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Cancer Res. 1997 Jun 15;57(12):2522-8.

The high affinity alphaIIb beta3 integrin is involved in invasion of human melanoma cells.

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Department of Radiation Oncology, Wayne State University, Detroit, Michigan 48202, USA.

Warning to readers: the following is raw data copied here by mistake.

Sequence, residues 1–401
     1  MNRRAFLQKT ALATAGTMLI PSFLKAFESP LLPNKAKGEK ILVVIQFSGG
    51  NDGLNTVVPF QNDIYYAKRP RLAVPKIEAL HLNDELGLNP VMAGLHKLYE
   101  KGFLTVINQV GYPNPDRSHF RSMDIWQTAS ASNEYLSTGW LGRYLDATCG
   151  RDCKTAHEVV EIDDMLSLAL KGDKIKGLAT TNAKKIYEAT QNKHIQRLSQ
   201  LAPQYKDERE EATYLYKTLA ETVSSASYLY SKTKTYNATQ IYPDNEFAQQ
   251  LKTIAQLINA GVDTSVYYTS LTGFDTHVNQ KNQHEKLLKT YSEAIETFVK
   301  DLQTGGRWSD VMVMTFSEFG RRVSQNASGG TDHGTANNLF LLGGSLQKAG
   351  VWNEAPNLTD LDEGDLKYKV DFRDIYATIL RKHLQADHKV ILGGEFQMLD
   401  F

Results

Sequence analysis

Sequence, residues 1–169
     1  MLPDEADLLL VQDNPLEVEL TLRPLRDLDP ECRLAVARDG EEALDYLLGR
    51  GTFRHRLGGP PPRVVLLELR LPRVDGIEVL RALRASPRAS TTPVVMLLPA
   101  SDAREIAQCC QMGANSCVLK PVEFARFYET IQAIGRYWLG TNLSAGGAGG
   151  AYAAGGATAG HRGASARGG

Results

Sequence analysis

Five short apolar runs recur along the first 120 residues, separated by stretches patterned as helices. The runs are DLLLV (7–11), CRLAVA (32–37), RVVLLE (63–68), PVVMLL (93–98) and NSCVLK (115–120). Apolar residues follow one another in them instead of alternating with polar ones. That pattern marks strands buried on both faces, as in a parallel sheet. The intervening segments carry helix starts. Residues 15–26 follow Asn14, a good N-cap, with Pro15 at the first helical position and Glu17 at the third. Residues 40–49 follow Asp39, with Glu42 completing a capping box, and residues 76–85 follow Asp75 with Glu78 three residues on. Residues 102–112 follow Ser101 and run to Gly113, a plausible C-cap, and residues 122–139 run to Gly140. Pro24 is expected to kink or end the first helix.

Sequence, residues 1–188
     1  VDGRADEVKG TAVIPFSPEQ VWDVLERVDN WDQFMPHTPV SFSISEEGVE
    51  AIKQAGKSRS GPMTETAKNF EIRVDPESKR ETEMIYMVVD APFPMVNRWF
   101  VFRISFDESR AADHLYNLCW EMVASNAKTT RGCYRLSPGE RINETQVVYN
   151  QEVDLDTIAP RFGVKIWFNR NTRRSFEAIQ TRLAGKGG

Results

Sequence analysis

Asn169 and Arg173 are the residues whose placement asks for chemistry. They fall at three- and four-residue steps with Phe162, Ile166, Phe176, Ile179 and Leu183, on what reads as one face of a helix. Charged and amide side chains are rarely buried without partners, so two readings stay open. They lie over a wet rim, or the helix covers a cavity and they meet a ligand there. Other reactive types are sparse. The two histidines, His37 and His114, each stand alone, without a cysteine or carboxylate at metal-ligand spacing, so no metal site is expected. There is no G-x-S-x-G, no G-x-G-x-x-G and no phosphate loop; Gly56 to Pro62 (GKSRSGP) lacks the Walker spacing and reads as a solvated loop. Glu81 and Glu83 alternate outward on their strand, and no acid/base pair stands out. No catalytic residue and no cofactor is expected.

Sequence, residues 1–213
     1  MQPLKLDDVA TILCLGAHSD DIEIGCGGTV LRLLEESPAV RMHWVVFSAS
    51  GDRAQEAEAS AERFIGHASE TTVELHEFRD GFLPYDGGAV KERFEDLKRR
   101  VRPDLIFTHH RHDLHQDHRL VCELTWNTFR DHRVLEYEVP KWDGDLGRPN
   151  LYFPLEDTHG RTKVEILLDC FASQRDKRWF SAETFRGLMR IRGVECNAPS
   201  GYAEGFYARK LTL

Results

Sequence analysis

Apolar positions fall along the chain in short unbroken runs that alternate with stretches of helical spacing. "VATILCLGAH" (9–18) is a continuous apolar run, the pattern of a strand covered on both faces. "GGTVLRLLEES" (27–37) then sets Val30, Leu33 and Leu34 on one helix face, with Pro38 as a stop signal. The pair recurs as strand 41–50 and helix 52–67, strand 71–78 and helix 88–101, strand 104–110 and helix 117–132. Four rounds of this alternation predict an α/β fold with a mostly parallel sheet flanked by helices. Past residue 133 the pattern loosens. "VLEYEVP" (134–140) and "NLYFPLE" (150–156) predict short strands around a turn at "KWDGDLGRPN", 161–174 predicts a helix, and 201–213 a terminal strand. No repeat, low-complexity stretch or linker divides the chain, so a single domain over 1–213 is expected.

Integrins play an important role in mediating tumor cell-extracellular matrix (ECM) and tumor cell-endothelial cell interactions. The integrin alphaIIb beta3 (GPIIb-IIIa) is expressed on the surface of platelets in an inactive state and requires a conformational change to recognize extracellular matrix proteins such as fibrinogen, fibronectin, vitronectin, and others. In this study, we questioned whether human melanoma cells express the alphaIIb beta3 integrin. Reverse transcription-PCR/Southern blotting, Northern blotting, and dot blotting demonstrated the presence of the platelet-type alphaIIb beta3 integrin in human melanoma WM 983B, WM 983A, and WM 35 cells. AP-2, a monoclonal antibody (mAb) to alphaIIb beta3, positively stained two human melanoma specimens, indicating expression of this integrin in vivo. Phorbol 12-myristate 13-acetate and 12(S)-hydroxyeicosatetraenoic acid, two activators of protein kinase C, stimulated adhesion of melanoma cells to immobilized fibronectin and PAC-1, a mAb to alphaIIb beta3. PAC-1 specifically recognizes the conformationally active form of platelet alphaIIb beta3. Phorbol 12-myristate 13-acetate-stimulated adhesion of WM 983B cells to PAC-1 was completely blocked by an RGD peptide, thus providing evidence that tumor cell adhesion to PAC-1 is mediated via the alphaIIb beta3 integrin but not the Fc receptor. Confocal immunofluorescent studies demonstrated that fibronectin-adherent melanoma cells possess an intracellularly localized pool of high-affinity alphaIIb beta3. Invasion of WM 983B cells through fibronectin was stimulated by 12(S)-hydroxyeicosatetraenoic acid, and this stimulated invasion was blocked by the mAb PAC-1. The data suggest that melanoma cells express the high-affinity alphaIIb beta3 integrin, which is involved in tumor invasion.

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